Soulfire Grand Master is obviously valuable against aggressive strategies, but the hybrid ability makes it a devastating weapon against defensive decks as well. It can take as little as five mana to cast a draw three, then buy it back. Spend next turn unleashing those spells, and now, even if your opponent finds an answer to the Grand Master, you've got another draw-three in reserve!
It can be easy to imagine that this is a win-more type of situation, but it's actually far from it. Actually, it is a "Win More, A Lot More" situation. Standard is miles from being a format where someone drawing three extra cards has the game sewn up.
Besides, when you have a card as powerful as Soulfire Grand Master exerting an influence on the board, the exact thing you want is to diversify your position. Get some of your power in other areas of the game so that if that part of your game gets countered in some way, you've got other things going for you. Soulfire Grand Master is already a "Tome" of sorts, capable of drawing you an extra card every turn it lives. Copying a Treasure Cruise is the perfect way to ensure you've got a seriously great back-up plan in case it doesn't.
There are plenty of awesome cards to buyback with Soulfire Grand Master, but remember, you don't have to get too fancy. Obviously, copying Stoke the Flames every turn is great (particularly when you have a Soulfire Grand Master and three Goblin tokens you can tap to cast it); but the one I really like is Jeskai Charm.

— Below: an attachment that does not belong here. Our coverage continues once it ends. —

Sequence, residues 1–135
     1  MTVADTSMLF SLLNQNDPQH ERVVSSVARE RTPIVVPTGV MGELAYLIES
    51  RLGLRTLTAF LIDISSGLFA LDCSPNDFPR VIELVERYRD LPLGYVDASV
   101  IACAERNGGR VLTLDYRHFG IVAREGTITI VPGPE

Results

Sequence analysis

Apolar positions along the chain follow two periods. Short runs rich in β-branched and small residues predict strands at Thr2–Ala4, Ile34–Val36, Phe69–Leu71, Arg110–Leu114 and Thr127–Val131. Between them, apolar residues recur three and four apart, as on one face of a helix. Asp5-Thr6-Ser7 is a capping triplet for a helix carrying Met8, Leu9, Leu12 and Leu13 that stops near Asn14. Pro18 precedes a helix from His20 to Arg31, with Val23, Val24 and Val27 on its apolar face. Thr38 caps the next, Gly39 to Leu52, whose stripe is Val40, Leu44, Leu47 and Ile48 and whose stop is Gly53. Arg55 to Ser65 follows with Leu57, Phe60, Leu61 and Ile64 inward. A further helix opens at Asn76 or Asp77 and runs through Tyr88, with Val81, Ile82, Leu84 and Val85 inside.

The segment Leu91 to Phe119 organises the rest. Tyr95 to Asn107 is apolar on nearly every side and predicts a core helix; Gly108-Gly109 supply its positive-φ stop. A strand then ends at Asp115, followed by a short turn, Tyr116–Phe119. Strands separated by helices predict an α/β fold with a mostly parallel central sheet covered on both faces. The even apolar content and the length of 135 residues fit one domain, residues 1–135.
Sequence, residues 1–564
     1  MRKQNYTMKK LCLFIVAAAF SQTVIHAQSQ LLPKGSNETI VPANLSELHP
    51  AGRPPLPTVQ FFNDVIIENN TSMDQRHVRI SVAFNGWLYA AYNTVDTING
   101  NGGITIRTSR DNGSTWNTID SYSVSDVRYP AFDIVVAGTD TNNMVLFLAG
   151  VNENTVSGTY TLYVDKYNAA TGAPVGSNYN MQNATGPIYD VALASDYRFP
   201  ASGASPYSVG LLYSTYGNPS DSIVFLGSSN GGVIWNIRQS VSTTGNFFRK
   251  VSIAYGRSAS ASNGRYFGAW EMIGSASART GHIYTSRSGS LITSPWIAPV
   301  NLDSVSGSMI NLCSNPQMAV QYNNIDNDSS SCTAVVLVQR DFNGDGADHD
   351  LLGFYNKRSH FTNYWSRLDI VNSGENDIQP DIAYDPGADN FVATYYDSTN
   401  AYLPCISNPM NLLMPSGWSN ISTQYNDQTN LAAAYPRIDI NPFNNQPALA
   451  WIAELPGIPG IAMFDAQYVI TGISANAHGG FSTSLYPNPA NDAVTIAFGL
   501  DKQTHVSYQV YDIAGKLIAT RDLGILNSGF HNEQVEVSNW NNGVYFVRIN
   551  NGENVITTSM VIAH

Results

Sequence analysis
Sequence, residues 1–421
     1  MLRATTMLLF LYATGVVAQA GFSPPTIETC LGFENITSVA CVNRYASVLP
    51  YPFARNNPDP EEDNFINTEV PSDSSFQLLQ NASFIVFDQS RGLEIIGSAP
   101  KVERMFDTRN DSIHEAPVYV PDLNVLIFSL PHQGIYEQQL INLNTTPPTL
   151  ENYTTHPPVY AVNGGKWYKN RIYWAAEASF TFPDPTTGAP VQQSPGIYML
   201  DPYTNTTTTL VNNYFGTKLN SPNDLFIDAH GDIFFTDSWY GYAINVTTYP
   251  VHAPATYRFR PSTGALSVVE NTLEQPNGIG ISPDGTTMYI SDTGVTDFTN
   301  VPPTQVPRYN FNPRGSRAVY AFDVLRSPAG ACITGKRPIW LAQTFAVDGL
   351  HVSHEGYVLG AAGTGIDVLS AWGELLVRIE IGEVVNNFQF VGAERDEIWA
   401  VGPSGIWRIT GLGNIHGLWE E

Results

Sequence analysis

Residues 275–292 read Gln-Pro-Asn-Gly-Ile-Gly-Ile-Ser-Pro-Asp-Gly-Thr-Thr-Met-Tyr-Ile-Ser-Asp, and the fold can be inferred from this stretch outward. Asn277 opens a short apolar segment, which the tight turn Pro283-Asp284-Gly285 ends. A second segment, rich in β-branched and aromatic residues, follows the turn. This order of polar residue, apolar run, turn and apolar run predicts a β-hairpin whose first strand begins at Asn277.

Jeskai Charm is such a natural fit with cards one would want to put alongside Soulfire Grand Master. It has natural synergy with the four damage ability (letting you drain them for four). Most importantly, however, it can basically completely lock your opponent out quickly and efficiently if there is any kind of a board parity. If Soulfire Grand Master lives, you can Jeskai Charm a creature to the top of their deck every turn so that they never draw a new card!
What if they only had one creature though? Well, it's not only a Time Walk this turn, they can't replay it next turn, or you'll just bounce it again. They can't play it the turn after that either, even if they drew a second creature, as you can just bounce one, untap, bounce the other. Most of the time, it's not really going to come down to this, but you have this option looming over people. The threat of this lock will have an impact on the way people play.